The Best Types Of Meat To Use For A Charcuterie Board

As reported by Insider, charcuterie boards have found a new lease on life in the 21st century, largely thanks to their artisanal nature and photographic appearances. Charcuterie board influencers — yes that's a thing — have flooded social media with tips and tricks on how to present the most aesthetically pleasing board; there are even a few books on the topic, too (via Goodreads).

Yet, creating a fantastic charcuterie board relies on substance as well as style. After all, there is little opportunity for substandard products to hide when being eaten in such a stripped-back setting (per The Guardian). When attempting to build the perfect charcuterie board, a range of high-quality products must be sought out, especially when it comes to meat.

Not only must this meat — known as charcuterie — be of high quality, but it must also be of a varied nature. Having an array of meat types, flavors, and textures present will ensure that the eating experience is diverse and exciting. Fortunately, great charcuterie can come from anywhere in the world, with the old bastions of central Europe being joined by other producers, such as the United States, the United Kingdom, and China, to name a few. More options mean harder choices, so we have highlighted the best types of meat to include in your next charcuterie board, whether you want a fun evening meal or to be the next charcuterie influencer.

Prosciutto di Parma

If product quality is everything when it comes to charcuterie, you cannot go wrong with prosciutto di Parma. This notoriously silky and salty ham is the epitome of how the intersection between historic, artisanal food practices and tight modern-day regulation results in a product of unparalleled quality.

As highlighted by the Consorzio del Prosciutto di Parma, a group of producers that make the specialty hams, the product can trace its history back to the Ancient Roman Empire. During that time, Cato the "Censor" mentioned Parma's exquisite hams were air-cured and flavorful. 

Today, prosciutto is made in nearly the same way, produced using only sea salt, the surrounding air, and a long curing time (via Eataly). Tight regulation by the consortium means that only the hind legs from free-roaming, heritage breeds of pigs that are fed on a special diet can be used to make prosciutto di Parma. These regulations, guaranteed by the European Union's Protected Designation of Origin certification, should ensure that the prosciutto's quality never wavers. However, the Independent did find some variations in quality between products, with freshly carved ham being superior to the pre-packaged variety.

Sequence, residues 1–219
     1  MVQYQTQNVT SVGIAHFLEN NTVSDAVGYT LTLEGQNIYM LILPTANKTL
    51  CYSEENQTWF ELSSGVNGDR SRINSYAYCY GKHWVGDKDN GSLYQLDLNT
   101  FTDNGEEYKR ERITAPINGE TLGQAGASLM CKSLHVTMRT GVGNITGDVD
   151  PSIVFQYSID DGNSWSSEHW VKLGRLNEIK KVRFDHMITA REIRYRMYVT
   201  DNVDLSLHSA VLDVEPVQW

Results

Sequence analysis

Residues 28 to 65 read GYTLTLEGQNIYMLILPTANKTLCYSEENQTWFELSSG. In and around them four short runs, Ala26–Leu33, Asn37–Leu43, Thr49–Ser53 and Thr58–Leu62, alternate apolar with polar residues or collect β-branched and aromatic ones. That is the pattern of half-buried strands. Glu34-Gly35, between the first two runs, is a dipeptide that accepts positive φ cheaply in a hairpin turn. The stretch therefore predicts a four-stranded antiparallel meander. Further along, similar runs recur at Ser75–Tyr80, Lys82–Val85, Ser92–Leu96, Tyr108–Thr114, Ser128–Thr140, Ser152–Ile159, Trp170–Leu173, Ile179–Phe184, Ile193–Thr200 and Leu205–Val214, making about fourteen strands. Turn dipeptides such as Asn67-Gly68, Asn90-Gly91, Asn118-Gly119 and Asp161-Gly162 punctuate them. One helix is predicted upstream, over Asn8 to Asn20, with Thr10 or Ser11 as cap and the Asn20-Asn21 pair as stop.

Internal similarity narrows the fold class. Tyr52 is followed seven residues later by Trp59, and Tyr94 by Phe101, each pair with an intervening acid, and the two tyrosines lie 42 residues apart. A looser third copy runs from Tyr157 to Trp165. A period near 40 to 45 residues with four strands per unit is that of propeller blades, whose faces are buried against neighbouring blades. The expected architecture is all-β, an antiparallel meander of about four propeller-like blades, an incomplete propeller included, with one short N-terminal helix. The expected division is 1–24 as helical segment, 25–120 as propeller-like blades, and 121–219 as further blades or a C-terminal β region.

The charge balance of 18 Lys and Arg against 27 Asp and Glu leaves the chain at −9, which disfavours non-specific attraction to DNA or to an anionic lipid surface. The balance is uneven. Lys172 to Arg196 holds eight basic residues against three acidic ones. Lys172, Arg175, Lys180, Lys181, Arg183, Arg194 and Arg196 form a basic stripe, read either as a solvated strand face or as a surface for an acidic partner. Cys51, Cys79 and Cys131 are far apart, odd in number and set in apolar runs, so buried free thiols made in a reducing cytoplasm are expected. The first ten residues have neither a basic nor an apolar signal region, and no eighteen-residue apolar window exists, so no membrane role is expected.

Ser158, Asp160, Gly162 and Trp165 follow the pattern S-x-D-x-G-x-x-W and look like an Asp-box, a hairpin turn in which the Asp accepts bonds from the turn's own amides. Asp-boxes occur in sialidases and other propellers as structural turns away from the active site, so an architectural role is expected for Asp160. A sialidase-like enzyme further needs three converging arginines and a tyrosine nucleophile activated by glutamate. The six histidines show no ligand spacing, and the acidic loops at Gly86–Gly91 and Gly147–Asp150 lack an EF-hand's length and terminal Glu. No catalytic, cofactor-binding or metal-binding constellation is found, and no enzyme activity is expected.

Prosciutto di Parma is an absolute must-have on every charcuterie board thanks to its status as the king of cured meats. Its sweet, salty taste and creamy texture will be a familiar favorite of all those partaking.

Jamón ibérico

The only serious contender to prosciutto di Parma's throne is jamón Ibérico, the famous, acorn-laced ham that comes from Spain's ancient, intricately interdependent agroforestry system, the dehesa (via National Geographic). Fortunately, the two hams differ so much in texture and taste that having both on the same charcuterie board will not pose an issue.

The ultimate grade of this ham is the black label, which is awarded when the pigs are 100% purebred, allowed to roam freely on the dehesa, and only eat a diet of wild acorns (via the Independent). The ham produced by these animals is sensational. It's known to almost melt on the tongue thanks to the bucketloads of umami it boasts. The flavor profile finishes with a nutty, floral aftertaste.